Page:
LOUISVILLE, Ky. – A day after President Bush conceded he might seek Congressional approval for his war on Iraq, over 400 Louisville protesters made it clear that Bush did not have their consent, nor would they be silent in their disagreement.
Students kept up a rhythmic drumbeat behind barricades and mounted police as President Bush arrived Sept. 5 at a $1,000 per person lunch for multi-millionaire Rep. Anne Northup (R-Ky.) at the posh Seelbach Hilton Hotel. “Can Anne,” people chanted, calling for Northup’s defeat.
The students hailed from Bellarmine University, the University of Louisville, the Brown School and Jefferson Community College. By their side were members of the Citizens Against Police Abuse and the Kentucky Alliance Against Racial and Political Repression. Close behind them were protesters with United Auto Workers signs and a number of AFL-CIO “No Business as Usual “ signs.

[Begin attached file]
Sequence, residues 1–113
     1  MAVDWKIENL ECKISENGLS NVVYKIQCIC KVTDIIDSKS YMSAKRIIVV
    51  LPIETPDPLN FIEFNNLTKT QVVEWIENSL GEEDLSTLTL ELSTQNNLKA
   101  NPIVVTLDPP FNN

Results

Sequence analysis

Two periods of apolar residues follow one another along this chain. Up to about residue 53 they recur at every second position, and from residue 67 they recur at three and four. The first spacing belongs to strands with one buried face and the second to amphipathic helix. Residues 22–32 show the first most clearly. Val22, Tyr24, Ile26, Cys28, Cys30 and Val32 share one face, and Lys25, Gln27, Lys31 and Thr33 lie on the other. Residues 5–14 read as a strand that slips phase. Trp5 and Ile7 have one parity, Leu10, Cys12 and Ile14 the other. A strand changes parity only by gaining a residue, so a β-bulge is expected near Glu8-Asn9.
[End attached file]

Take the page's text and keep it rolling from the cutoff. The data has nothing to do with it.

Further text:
A vulture puppet danced in the bright sunshine as the crowd chanted, “Drop Bush, Not Bombs.” Louisvillians spoke their minds with homemade and heartfelt signs, including, “We need the $80 billion here at home to end poverty – not to kill Iraqis” and “Axis of Evil = Axis of Profit,” which was followed by a long explanation of Dick Cheney’s profits by deals with Iraq through Halliburton Corporation. A protester from the Green Party carried a sign deploring the destruction caused by U.S. use of depleted uranium.
A group of nuns from the Sisters of Loretto, some in wheelchairs and several in folding chairs, proudly displayed their peace posters for WHAS-TV, and professors mingled with civil rights crusaders.
The Rev. Louis Coleman of the Justice Resource Center and the Rev. George Edwards of the Fellowship of Reconciliation were there. Some brought their children, others their dogs. Despite the deadly serious nature of the cause, the mood was friendly and buoyant.
Cheered by the large turnout despite minimal organizational work, veteran activists predicted the birth of a new movement in the diversity and energy of the marchers. Those who had attended small vigils for peace in the Middle East rejoiced at the swelling of the ranks.
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